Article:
‘You could say it is the end of an era’ - tributes to Manea man who helped run family haulier for over 40 years
PUBLISHED: 17:49 12 October 2020 | UPDATED: 17:49 12 October 2020
Vintage tractors rode through the streets of Manea as villagers bid farewell to one of their own.
Family, friends and residents paid their respects to Trevor Fox, who died aged 71 last month, as he passed through the village for the final time on Friday, October 9.
Trevor, who worked for family-run haulier Fox’s of Manea since 1972, was carried on the back of one of its lorries driven by son Karl.
Vintage tractors followed on, something of a passion for Trevor who used to collect and display these in his later life.
Paul Fox, who worked for Fox’s of Manea with Trevor and father Harold for 22 years, said his brother will be best known for his hard work.
“He was a hard-working bloke who would get on and help others. If customers had a problem, he would make sure the job would be done,” Paul said.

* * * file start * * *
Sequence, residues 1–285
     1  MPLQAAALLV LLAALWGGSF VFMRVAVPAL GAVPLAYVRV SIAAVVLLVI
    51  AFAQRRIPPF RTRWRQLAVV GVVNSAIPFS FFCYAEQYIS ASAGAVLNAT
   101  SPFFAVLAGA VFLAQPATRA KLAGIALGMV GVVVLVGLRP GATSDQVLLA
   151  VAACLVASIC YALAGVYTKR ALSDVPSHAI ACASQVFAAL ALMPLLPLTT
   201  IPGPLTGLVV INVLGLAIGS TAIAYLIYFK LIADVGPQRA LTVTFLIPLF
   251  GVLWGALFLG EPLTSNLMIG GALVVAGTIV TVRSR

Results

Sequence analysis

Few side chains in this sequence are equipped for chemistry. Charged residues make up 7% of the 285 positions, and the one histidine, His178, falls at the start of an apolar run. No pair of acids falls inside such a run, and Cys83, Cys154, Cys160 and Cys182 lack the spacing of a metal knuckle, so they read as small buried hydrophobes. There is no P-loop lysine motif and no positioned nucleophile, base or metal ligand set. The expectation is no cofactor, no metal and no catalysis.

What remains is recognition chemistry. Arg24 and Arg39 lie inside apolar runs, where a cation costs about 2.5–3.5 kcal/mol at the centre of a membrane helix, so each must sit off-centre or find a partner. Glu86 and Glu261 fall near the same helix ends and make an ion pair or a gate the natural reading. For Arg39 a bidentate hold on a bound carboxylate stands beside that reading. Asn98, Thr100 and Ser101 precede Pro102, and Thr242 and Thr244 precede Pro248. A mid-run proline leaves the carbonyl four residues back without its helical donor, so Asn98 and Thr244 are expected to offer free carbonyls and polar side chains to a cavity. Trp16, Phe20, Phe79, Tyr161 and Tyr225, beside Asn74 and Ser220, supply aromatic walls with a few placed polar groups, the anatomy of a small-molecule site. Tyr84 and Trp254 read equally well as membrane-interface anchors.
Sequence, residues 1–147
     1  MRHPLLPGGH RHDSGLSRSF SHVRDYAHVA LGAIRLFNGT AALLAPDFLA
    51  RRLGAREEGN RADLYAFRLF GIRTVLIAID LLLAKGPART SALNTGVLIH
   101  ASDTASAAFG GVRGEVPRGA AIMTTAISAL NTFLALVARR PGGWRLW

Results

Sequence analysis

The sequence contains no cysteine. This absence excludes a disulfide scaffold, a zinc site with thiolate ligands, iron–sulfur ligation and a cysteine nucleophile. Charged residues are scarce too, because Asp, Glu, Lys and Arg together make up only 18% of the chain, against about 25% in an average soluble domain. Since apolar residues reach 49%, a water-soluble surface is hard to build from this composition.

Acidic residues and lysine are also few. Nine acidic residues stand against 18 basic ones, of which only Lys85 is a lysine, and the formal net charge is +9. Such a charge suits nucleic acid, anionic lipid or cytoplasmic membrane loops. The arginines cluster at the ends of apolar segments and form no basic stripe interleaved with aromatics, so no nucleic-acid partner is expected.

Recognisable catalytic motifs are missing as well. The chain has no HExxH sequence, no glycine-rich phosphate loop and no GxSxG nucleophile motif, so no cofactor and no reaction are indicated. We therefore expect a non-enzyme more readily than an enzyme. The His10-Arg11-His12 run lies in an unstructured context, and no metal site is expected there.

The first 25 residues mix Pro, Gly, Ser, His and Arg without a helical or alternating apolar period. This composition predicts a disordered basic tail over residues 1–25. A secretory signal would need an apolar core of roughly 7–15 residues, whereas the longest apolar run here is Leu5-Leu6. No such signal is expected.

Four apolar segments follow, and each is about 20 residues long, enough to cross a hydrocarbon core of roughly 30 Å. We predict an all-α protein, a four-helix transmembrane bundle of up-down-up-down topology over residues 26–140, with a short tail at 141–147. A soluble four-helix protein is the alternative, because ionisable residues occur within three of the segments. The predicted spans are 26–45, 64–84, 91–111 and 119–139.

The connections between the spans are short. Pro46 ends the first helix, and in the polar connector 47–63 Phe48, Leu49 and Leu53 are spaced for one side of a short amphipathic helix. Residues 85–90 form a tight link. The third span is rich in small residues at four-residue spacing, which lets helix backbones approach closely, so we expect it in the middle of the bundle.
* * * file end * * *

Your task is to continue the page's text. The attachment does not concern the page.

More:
“I guess you could say it is the end of an era.”
Having left school early, Trevor worked for haulier Ron Palmer in the 1960s after a spell with Bedford Brothers, and was also a member of the Road Haulage Association.
Since joining the family business, Trevor, who has lived in Manea for most of his life, continued until he retired in 2016, but it was not just work he enjoyed.
“Outside of work, his life revolved around his family and he used to like wining and dining. I think he also went on cruises on the Oriana,” Paul said.
“In later years, he enjoyed displaying his collection lorries. He was known for collecting steam and vintage lorries, as well as displaying old tractors.”
Trevor was also a dedicated Manchester United fan and followed Chatteris boxer Dave ‘Boy’ Green and European heavyweight champion Joe Bugner.
John Shropshire OBE, chairman of G’s Fresh that has worked with Fox’s for over 40 years, also wrote a letter to Trevor’s family after his death was announced, and for Karl, this was a fitting touch.
“We received a letter saying how dedicated Trevor was and how proud he was delivering things. To go on over 40 years working for them was quite extraordinary,” he said.
“If we had anything new in the firm, dad would let me have it and he would have my hand-me-down. If the kids needed anything, he would buy them anything.
“If you had to be somewhere at 7am, he would be there at 5.30am because he had to be first. Trevor was the kind of person that would have a row with you, but soon after, he would be your best mate.”
Trevor leaves behind wife Sandra, two children, two grandchildren, two brothers and a sister.
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